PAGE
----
Our scientists debated a few theories. One is that the Force is inherited in an autosomal dominant fashion. Autosomal dominant inheritance is just one of several ways that a trait can be passed from parents to children. Dominant means that if you inherit the gene from either parent, you will exhibit the traits of it, and autosomal means that it’s inherited with the same pattern in men and women. This is different than a recessive gene, that requires both parents to pass on the gene in order for it to manifest. You can track autosomal dominant mutations through families — parents pass them to their kids who pass them onto their kids. In this way, you see the trait in every single generation, just like the Skywalker clan. Anakin passed the force-sensitive gene to Luke and Leia, who then passed it onto their children (regardless of the apparent lack of Force-sensitivity in both Queen Amidala and that scruffy-looking nerf herder, Han Solo).
But wait! How did Anakin inherit the force? Based on what we know, it doesn’t seem likely that Anakin inherited the force from his parents. So does that throw our autosomal dominant theory out the window? Nope. It’s possible that Anakin had a de novo force sensitive mutation. A de novo mutation is a gene variant that is present for the first time in a single individual as a result of a DNA change in a germ cell (egg or sperm) of one of the parents or in the fertilized egg itself. The de novo mutation in Anakin would then have been autosomal dominant, that he then passed on to his children, and they to theirs. So, it seems like the autosomal dominant inheritance pattern does fit the Skywalker family.
Theory 2: The Force is inherited through trinucleotide repeat expansion
Another theory to explain the sudden appearance of force sensitivity in Anakin is genetic anticipation, or trinucleotide repeat expansion (that’s more of a mouthful than Jabba’s tongue). It’s a special type of mutation in a gene that can look like a de novo mutation. In order to explain trinucleotide repeats, it’s important to understand how DNA is constructed. DNA is made up of four base pairs (A, C, T, G) and these pairs come together to build proteins. Specific sequences of these pairs that come together to build specific proteins are called genes. Some parts of DNA are repetitive and can have repeating units of different lengths (like ATAT or ACGACG). Because it’s repetitive, these sections of DNA can expand or contract due to slipping errors during DNA replication. In simple terms, if a gene is a combination of the bases ACG repeated four times (ACGACGACGACG), an expansion would mean that something occurs that makes that gene repeat ACG eight times instead (ACGACGACGACGACGACGACGACG). The result is a change in the resulting protein which can have function-altering effects. In some cases, the repeats continue to expand with each generation. When the repeat gets above a threshold, let’s say 12 for this example, you see the trait appear seemingly out of nowhere. So, Anakin’s mom may have had a sub-threshold repeat number, but it expanded in Anakin to above 12 and it appeared as if he had suddenly inherited the Force. He would also have then passed 12 repeats on to his children and they also inherited the Force-sensitive trait.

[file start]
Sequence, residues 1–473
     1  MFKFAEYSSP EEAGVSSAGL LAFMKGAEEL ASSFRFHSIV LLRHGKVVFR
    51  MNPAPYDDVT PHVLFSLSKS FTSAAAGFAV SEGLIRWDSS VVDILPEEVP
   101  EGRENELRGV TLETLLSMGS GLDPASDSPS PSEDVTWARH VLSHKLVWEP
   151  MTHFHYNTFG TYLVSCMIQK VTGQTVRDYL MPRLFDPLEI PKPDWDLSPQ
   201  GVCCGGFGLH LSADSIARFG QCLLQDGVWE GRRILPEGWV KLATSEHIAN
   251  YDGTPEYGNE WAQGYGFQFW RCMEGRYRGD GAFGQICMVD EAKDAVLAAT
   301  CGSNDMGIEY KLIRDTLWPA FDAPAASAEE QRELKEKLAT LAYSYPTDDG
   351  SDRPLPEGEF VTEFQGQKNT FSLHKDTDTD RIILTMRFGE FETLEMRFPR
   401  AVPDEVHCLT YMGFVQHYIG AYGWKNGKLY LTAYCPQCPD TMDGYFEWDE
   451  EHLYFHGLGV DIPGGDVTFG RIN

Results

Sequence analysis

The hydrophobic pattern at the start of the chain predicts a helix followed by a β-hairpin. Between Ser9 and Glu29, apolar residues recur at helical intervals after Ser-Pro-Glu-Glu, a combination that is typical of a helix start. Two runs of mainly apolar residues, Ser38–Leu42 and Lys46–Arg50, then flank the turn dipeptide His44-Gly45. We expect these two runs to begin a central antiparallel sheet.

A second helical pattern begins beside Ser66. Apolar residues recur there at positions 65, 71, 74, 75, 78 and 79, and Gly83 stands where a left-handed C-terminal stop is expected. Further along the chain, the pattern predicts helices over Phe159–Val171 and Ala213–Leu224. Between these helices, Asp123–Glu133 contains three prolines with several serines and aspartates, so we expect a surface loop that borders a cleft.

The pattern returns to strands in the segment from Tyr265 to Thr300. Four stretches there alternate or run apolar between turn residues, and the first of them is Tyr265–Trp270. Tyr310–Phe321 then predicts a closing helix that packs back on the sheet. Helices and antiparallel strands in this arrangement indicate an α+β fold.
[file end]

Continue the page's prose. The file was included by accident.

For now, the debate about which inheritance pattern fits the Star Wars saga best will rage on at Helix. What we can agree on is that we certainly see a strong correlation between family members, even those who were raised in different environments. So, which genetic inheritance pattern do you think explains the Force-sensitivity the best?
While we hope that using Star Wars as a way to explain some complex genetic concepts related to inheritance is both helpful and entertaining, we want to emphasize that the examples here are entirely fictional. The force, sadly, is not real nor are the characters described. For more information on heritability and genetics as it relates to disease, please visit https://ghr.nlm.nih.gov/primer/inheritance/inheritancepatterns.
Helix is the leading population genomics and viral surveillance company operating at the intersection of clinical care, research, and data analytics.